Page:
Owners of Malaysian ships must make contributions under the Malaysian Employees Social Security Act 1969 and Employees Provident Fund Act 1991 in respect of Malaysian or Malaysian permanent resident seafarers. Further, owners must also provide medical care, sickness benefit and employment injury benefit to all seafarers, regardless of nationality. Failure to comply carries a fine not exceeding RM200,000 or a maximum term of imprisonment of two years or both.
Owners of Malaysian ships must further ensure that:
a. They are in compliance with the standards for health and medical care and occupational safety;
b. Seafarers working on board their ships are medically fit;
c. They provide and maintain accommodation and recreational facilities for the seafarers; and
d. They provide sufficient drinking water and food of reasonable nutritional value, quality and variety to seafarers serving on board.
It is a requirement that Articles of Agreement must be signed before the Port Officer or other officer authorised by the Director of Marine and kept updated and available for inspection when necessary. Penalty for non-compliance is a fine not exceeding RM25,000.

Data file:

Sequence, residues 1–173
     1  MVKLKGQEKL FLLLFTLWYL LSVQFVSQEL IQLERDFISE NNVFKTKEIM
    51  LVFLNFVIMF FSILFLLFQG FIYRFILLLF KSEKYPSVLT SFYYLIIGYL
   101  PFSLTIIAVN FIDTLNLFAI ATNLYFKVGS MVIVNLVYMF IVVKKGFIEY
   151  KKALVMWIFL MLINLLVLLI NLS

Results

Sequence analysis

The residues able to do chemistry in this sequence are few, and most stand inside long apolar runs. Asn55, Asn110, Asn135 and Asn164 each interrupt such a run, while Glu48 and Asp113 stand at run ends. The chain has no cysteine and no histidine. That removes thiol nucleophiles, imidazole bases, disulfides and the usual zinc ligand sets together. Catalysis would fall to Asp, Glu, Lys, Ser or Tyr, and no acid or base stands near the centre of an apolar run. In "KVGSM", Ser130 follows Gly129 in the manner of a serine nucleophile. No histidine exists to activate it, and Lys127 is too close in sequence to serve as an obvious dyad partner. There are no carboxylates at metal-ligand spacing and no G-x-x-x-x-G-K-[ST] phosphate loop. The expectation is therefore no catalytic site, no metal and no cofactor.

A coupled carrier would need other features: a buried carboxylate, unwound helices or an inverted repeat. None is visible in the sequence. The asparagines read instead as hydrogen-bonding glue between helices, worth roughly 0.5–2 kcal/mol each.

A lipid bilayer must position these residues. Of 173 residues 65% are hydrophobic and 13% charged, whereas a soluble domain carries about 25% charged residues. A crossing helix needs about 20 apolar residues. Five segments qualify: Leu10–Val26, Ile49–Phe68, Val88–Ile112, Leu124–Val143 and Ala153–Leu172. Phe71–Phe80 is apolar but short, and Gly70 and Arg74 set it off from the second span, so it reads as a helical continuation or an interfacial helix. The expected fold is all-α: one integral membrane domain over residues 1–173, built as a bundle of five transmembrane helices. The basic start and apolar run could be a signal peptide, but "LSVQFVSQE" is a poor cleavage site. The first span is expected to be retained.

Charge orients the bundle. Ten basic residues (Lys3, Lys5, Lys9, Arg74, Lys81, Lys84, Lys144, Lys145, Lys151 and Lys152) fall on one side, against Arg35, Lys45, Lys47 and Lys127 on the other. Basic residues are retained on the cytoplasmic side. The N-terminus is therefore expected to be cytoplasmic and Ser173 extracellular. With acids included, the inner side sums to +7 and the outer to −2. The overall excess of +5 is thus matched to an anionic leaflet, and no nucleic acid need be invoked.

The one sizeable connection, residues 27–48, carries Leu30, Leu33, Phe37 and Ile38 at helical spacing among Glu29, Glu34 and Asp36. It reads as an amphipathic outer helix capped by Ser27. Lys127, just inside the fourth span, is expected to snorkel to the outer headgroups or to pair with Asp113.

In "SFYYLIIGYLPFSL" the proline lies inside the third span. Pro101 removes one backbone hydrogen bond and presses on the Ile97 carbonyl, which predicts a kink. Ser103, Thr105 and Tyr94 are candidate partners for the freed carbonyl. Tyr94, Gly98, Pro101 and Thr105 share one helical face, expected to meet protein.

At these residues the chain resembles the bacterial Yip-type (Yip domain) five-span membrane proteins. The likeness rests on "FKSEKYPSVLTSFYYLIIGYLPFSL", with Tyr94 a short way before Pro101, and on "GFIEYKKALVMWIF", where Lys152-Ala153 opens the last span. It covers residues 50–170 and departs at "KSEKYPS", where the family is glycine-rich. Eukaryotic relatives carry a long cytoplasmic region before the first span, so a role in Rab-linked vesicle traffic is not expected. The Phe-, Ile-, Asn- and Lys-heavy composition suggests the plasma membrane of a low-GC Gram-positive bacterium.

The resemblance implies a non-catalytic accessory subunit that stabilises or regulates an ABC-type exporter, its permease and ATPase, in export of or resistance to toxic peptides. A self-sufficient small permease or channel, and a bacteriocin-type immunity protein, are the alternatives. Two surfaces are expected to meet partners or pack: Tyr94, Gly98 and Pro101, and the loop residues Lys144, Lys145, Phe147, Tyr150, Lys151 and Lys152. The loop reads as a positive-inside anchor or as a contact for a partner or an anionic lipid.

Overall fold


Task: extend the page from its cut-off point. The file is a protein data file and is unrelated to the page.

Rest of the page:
Malaysian and foreign seafarers employed on board Malaysian ships are required to hold a seafarer record book and a valid seafarer identity document. Additionally, foreign seafarers must be registered at a port office. Non-compliance may result in a penalty not exceeding RM5,000 upon conviction.
The new sections 114 and 115 of the MSO 1952 provide penalties for the following conduct of seafarers, unless the seafarer can avail himself of the defences contained in section 114(2):
a. Conduct endangering ship, structures or persons - applicable to seafarers on board Malaysian ships or on board foreign ships within Malaysian waters; and
b. Disobedience of lawful commands or neglect of duty – applicable to seafarers on Malaysia ships.
- Maritime Labour Certificate
Owners of specified categories of ships must hold a valid Maritime Labour Certificate (“Certificate”) or Interim Maritime Labour Certificate (“Interim Certificate”) (collectively “Certificates”) before the ship can commence a voyage. Applications for the Certificate are to be made to the Director of Marine who will issue such Certificate if he is satisfied that (i) the ship has complied with the requirements under Part III; and (ii) the ship has been issued with a Declaration of Maritime Labour Compliance.